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Joseph Mills


After practice, my son kicks off his cleats
and leaves them under the front seat.
He treats the van like a storage locker,
draping his uniform and sweats around.
The daughter complains each morning
as I take her to school. The cleats smell.
Theyre in her way. Its not fair. I agree
with all of these points, and yet I dont
tell the son to move them. For one,
its yet another argument Im too tired
to have. There are already so many things
Im prodding him about: homework,
showers, closing doors, drinking water
and, to be honest, I kind of like them there,
this mark of the boy, these muddy talismans.
He used to hold my hand as he fell asleep,
and once he pulled his fingers away,
picked his nose, then slid them back in my palm.
Yes, this is love, I thought then, holding snot
unflinchingly. Soon enough Ill be able
to keep the van and the house and my life
clean, uncluttered; for now, I let him
leave his cleats there, in everyones way,
telling myself its a type of civics lesson
about living together, telling my daughter,
I know, I know, its annoying. Kind of like
when someone keeps pre-setting the stereo
buttons to all their favorite stations. No,
she says, No. That is totally different.

This poem first appeared in Autumn Sky Poetry Review.
Used here with the author's permission.

Joseph Mills is a faculty member at the University of North Carolina School of the Arts, where he holds the Susan Burress Wall Distinguished Professorship in the Humanities.Joes published work includes six volumes of poetry, and four nonfiction books. He also writes a column called String Figures forChangeSeven Magazinein which he details his thoughts about trying to learn piano in middle-age. Learn more about Joe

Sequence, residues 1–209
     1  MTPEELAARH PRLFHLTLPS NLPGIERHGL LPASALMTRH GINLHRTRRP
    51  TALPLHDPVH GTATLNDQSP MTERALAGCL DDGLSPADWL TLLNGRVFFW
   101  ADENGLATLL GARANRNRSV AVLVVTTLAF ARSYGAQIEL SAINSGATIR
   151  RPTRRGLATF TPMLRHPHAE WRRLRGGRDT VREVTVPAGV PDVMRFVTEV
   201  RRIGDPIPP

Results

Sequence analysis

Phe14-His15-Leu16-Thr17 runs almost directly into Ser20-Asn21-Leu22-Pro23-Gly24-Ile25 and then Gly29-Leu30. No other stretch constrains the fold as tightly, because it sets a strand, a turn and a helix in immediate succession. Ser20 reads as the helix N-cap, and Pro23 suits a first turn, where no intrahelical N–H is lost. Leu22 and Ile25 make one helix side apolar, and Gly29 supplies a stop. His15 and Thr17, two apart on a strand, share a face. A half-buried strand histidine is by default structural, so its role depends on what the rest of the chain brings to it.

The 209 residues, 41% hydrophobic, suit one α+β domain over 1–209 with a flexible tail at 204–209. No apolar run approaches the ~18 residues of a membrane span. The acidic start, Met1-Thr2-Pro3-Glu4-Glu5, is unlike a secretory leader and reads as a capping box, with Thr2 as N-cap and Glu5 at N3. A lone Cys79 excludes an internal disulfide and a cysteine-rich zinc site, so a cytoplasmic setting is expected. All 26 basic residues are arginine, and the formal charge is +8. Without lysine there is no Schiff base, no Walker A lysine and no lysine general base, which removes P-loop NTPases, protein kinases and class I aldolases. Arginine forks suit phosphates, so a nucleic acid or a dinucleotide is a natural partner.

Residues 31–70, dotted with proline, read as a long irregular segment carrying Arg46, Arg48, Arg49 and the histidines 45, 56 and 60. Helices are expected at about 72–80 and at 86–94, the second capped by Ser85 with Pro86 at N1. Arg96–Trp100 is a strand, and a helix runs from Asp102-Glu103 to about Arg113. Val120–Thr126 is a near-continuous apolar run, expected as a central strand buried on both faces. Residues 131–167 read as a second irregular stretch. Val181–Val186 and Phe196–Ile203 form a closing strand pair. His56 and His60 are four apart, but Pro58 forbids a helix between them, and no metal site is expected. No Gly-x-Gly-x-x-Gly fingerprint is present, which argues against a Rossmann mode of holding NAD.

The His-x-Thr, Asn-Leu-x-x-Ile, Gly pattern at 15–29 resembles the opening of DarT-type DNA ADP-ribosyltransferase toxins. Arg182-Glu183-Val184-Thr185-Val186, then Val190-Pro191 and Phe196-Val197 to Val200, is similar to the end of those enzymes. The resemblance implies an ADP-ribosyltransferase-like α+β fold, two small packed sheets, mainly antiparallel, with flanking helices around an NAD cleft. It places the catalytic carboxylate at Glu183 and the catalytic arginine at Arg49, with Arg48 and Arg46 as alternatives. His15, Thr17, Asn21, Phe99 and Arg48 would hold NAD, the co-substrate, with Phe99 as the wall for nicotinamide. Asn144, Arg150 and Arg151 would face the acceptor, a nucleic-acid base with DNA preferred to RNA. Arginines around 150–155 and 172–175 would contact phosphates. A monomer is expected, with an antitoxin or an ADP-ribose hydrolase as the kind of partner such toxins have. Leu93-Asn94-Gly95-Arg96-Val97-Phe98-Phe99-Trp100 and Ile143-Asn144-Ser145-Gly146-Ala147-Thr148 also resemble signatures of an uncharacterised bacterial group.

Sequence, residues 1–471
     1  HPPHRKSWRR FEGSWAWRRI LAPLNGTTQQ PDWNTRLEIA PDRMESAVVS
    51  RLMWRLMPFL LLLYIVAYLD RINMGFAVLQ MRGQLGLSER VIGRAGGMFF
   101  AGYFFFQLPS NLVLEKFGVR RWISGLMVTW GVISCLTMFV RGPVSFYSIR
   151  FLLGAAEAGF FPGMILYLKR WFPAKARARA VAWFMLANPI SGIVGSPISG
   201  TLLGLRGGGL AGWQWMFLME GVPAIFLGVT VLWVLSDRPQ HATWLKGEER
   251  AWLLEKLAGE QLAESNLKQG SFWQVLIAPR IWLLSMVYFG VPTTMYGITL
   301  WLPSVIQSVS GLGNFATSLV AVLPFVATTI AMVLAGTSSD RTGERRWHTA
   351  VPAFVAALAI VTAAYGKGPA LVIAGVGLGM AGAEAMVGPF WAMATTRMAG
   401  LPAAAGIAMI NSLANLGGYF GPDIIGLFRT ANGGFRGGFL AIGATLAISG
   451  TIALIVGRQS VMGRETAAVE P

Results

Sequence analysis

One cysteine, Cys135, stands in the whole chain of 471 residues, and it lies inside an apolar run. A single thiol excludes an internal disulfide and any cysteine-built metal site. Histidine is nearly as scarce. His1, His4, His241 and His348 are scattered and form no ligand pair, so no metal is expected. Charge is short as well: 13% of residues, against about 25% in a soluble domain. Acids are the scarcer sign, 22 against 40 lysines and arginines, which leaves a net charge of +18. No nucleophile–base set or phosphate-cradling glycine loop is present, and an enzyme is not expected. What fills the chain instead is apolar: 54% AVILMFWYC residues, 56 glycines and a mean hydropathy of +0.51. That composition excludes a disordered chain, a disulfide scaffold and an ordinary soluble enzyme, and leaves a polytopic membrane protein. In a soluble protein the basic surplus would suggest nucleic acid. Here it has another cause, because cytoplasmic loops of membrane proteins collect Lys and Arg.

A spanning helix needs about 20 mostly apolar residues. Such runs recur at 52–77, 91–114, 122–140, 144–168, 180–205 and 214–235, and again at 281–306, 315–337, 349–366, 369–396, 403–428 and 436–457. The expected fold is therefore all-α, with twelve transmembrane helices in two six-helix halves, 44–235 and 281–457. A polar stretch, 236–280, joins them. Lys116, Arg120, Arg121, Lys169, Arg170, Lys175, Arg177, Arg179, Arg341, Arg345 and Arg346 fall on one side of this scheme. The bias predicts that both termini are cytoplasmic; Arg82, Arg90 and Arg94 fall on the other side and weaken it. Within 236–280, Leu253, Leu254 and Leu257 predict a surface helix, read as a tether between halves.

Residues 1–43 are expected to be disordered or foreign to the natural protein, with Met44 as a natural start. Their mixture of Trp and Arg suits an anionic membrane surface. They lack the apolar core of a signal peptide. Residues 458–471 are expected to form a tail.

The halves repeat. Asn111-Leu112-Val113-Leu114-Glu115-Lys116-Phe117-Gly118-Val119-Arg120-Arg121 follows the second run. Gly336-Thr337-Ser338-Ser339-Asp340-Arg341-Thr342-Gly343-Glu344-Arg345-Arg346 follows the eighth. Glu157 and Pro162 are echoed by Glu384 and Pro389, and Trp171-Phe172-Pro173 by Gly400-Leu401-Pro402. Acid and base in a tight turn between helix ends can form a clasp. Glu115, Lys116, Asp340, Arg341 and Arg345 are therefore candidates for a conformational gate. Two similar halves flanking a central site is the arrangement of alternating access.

Post New Comment:
This poem is filled with love and understanding. Enjoy each day, each moment as it will not last forever. Simply lovely.
Posted 07/04/2018 08:04 AM
michael escoubas:
Every parent needs this poem! Thanks Jo.
Posted 06/11/2018 03:40 PM
Much wisdom herein. Well written. Ending an amusing bonus.
Posted 06/11/2018 01:51 PM
Such an understanding dad and also realizing how much one day you will miss those very things. Have to read about you learning piano in middle age. Will check that out.
Posted 06/11/2018 01:21 PM
Wonderful tone and understated ending.
Posted 06/11/2018 12:09 PM
Lori Levy:
Very loving. I like the lines about holding the child's fingers after he picked his nose!
Posted 06/11/2018 11:59 AM
Gilbert Allen:
A thoughtful, charming poem.
Posted 06/11/2018 11:12 AM

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